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Refraction facts for kids

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Rays of light through a different medium (labelled)
Diagram of refraction
Optical refraction at water surface
When viewing at a certain angle, the straw appears to bend, due to refraction of light as it moves into the air
Refraction photo
A ray of light being refracted in a plastic block.

Refraction is the change in direction of a wave, caused by the change in the wave's speed. Examples of waves include sound waves and light waves. Refraction is seen most often when a wave passes from one transparent medium to another transparent medium. Different types of medium include air and water.


Pen in water
A pen partially submerged in a bowl of water appears bent due to refraction at the water surface.

Refraction of light can be seen in many places in our everyday life. It makes objects under a water surface appear closer than they really are. It is what optical lenses are based on, allowing for instruments such as glasses, cameras, binoculars, microscopes, and the human eye. Refraction is also responsible for some natural optical phenomena including rainbows and mirages.

When a wave passes from one transparent medium to another transparent medium, the wave will change its speed and its direction. For example, when a light wave travels through air and then passes into water, the wave will slow and change direction.

As light goes into a medium which is denser, the light ray will 'bend' toward the normal. When it goes back into the less dense medium (with a lower refractive index), it will bend back through the same angle as when it came in (if the surface at exit is parallel to the surface at entry).

An example of how refraction works is placing a straw in a cup of water, with part of the straw in the water. When looking at a certain angle, the straw appears to bend at the water's surface. This is because of the change in density of the medium and thus, bending of light rays as they move from the air to water.

A good and simple way to understand how light works is to think of it like a car. When the car hits the gravel surface (this is the medium) on an angle, the tire that hits it first will slow, causing it to turn in that direction. Therefore, if light hits a medium on the right having a greater refractive index, it will bend right. The amount of bending is given by Snell's law. Lenses work by refraction.

In optics the refractive index or index of refraction n of a substance is a dimensionless number that describes how light, or other radiation, goes through that medium. It is defined as

n = \frac{\mathrm{c}}{v},

where c is the speed of light in a vacuum and v is the phase velocity of light in the medium. Snell's law uses refractive indexes to calculate the amount of refraction.


Refraction is also responsible for rainbows and for the splitting of white light into a rainbow-spectrum as it passes through a glass prism. Glass has a higher refractive index than air. When a beam of white light passes from air into a material having an index of refraction that varies with frequency, a phenomenon known as dispersion occurs, in which different coloured components of the white light are refracted at different angles, i.e., they bend by different amounts at the interface, so that they become separated. The different colors correspond to different frequencies.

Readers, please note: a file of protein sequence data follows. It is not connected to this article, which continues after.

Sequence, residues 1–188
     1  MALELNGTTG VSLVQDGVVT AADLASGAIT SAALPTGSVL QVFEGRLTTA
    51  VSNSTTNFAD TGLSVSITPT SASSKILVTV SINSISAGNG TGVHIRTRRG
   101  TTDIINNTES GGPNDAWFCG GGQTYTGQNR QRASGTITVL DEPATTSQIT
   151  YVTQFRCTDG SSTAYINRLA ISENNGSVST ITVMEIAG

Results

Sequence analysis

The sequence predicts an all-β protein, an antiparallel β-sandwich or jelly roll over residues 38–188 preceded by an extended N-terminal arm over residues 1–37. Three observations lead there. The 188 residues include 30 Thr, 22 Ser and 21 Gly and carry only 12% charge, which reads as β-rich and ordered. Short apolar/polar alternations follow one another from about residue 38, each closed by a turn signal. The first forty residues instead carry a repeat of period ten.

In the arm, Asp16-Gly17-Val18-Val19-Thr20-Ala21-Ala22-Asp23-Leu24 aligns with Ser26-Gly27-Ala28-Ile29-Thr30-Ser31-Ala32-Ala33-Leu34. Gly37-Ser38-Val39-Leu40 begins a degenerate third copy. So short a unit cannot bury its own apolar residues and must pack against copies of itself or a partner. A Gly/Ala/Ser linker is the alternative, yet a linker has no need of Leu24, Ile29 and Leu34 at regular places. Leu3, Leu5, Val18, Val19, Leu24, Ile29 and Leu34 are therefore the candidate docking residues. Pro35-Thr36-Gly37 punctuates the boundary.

Atmospheric refraction

The sun appears slightly flattened when close to the horizon due to refraction in the atmosphere.

The refractive index of air depends on the air density and thus vary with air temperature and pressure. Since the pressure is lower at higher altitudes, the refractive index is also lower, causing light rays to refract towards the earth surface when traveling long distances through the atmosphere. This shifts the apparent positions of stars slightly when they are close to the horizon and makes the sun visible before it geometrically rises above the horizon during a sunrise.

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Heat haze in the engine exhaust above a diesel locomotive.

Temperature variations in the air can also cause refraction of light. This can be seen as a heat haze when hot and cold air is mixed e.g. over a fire, in engine exhaust, or when opening a window on a cold day. This makes objects viewed through the mixed air appear to shimmer or move around randomly as the hot and cold air moves. This effect is also visible from normal variations in air temperature during a sunny day when using high magnification telephoto lenses and is often limiting the image quality in these cases. In a similar way, atmospheric turbulence gives rapidly varying distortions in the images of astronomical telescopes limiting the resolution of terrestrial telescopes not using adaptive optics or other techniques for overcoming these atmospheric distortions.

Mirage over a hot road
Mirage over a hot road.

Air temperature variations close to the surface can give rise to other optical phenomena, such as mirages and Fata Morgana. Most commonly, air heated by a hot road on a sunny day deflects light approaching at a shallow angle towards a viewer. This makes the road appear reflecting, giving an illusion of water covering the road.

Clinical significance

In medicine, particularly optometry, ophthalmology and orthoptics, refraction (also known as refractometry) is a clinical test in which a phoropter may be used by the appropriate eye care professional to determine the eye's refractive error and the best corrective lenses to be prescribed. A series of test lenses in graded optical powers or focal lengths are presented to determine which provides the sharpest, clearest vision.

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See also

Kids robot.svg In Spanish: Refracción para niños

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